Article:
Middle East

Close Race In Egyptian Candidates' Birthplace

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Egyptians are voting on the second and last day of the presidential runoff to choose ousted President Hosni Mubarak's successor. One region where the vote is expected to be particularly tight is in Egypt's Nile Delta, north of Cairo.



And we have one more election to talk about this morning, this one in Egypt. It's the second and last day of the presidential run-off there. Egyptians are choosing between the Muslim Brotherhood's candidate, Mohammed Morsi, and retired Air Force General Ahmed Shafiq, who was the last prime minister under ousted President Hosni Mubarak.

One region where the vote is expected to be particularly tight is in Egypt's Nile Delta, north of Cairo. That's where Kimberly Adams traveled and she filed this report.

KIMBERLY ADAMS, BYLINE: The Egyptian governorate of El Sharkia is blanketed with the lush farmland for which the Nile Delta is famous. It's also the birthplace of both candidates in the presidential run-off.

Khalil Ahmed works in fields of corn, rice, and clover just outside the district's capital city, and laments the difficulties of low-income farmers like him. Farming families make up about half of Egypt's population.

KHALIL AHMED: (Through Translator) This land, we're renting it at black market prices. We had lands and the accursed Mubarak, God send him to Hell, he allowed the landlords to take our land away from us.

ADAMS: But despite his anger with the former regime, Ahmed says he's voting for Mubarak's last prime minister, Ahmed Shafiq, because he doesn't trust the Brotherhood candidate.

Nearby in a clover field his wife, Sohair Abdel Azizz, says she doesn't trust the Brotherhood either.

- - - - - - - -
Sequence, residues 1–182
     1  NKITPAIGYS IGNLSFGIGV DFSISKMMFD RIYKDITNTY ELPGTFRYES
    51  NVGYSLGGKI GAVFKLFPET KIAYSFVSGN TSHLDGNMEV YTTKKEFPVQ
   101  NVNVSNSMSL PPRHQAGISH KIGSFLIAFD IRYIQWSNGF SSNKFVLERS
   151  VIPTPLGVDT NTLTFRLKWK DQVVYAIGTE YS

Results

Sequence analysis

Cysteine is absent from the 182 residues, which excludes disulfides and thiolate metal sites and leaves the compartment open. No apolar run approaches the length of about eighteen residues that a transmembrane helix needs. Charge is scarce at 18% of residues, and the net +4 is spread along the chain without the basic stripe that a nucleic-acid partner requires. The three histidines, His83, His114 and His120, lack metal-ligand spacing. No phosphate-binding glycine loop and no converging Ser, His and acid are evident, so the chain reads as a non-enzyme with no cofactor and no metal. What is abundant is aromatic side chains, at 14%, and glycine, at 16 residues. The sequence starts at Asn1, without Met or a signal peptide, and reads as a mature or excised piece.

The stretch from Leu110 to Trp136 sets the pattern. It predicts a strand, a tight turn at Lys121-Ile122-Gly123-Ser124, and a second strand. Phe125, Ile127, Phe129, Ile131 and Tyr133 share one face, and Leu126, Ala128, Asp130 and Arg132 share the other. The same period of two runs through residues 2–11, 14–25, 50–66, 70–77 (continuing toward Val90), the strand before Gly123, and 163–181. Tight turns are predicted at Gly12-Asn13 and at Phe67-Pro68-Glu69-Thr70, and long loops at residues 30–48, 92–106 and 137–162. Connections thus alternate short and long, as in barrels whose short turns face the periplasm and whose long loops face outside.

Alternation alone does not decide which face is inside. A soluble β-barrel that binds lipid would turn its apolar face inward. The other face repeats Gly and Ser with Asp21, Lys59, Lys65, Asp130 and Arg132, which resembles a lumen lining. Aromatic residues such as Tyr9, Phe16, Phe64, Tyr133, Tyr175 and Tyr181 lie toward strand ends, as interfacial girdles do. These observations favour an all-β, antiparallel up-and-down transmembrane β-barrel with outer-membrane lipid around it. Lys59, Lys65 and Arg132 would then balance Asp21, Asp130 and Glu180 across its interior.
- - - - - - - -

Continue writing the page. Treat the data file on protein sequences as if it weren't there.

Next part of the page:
SOHAIR ABDEL AZIZZ: (Through Translator) Because if the Brotherhood gets control, it'll be like we were sold. But if Shafiq wins and we don't like him, we'll be able to get him out the next time we vote.

ADAMS: Shadi Hamid is the director of research at the Brookings Doha Center. He says despite the religiosity of Egypt's countryside, many rural voters are shunning the Brotherhood's Morsi for the security and economic improvements promised by Shafiq.

SHADI HAMID: So even if voters has Islamist inclinations, at the end of the day, they're watching the economy.


ADAMS: On the streets of the regional capital, Zagazig, Shafiq campaign posters give way to Morsi banners. It's Morsi's hometown, and it was an embarrassment to the campaign when he lost here to Shafiq in the first round of voting - although Morsi won the most votes nationwide.

Dr. Nagi Sakr, a surgeon who works on Morsi's local election committee, acknowledges his candidate is unlikely to get much of the rural vote. But he is counting on a high turnout among middle-class urban supporters to push Morsi over the top.

DR. NAGI SAKR: Ninety percent of professionals here will give his voice to Dr. Morsi. But the others will support Shafiq.

ADAMS: But on the farm outside Zagazig, the revolution feels far away to Sohair Abdel Azizz. All she's worried about are the low prices for her crops and the lack of security.

AZIZZ: (Through Translator) It's been a year now in God's torment. We don't sleep at night. We fear for our children and we fear for their future.

ADAMS: She says she just wants things to be peaceful, and she's hoping her vote this weekend will help accomplish that.

For NPR News, I'm Kimberly Adams.


MARTIN: And you're listening to NPR News.

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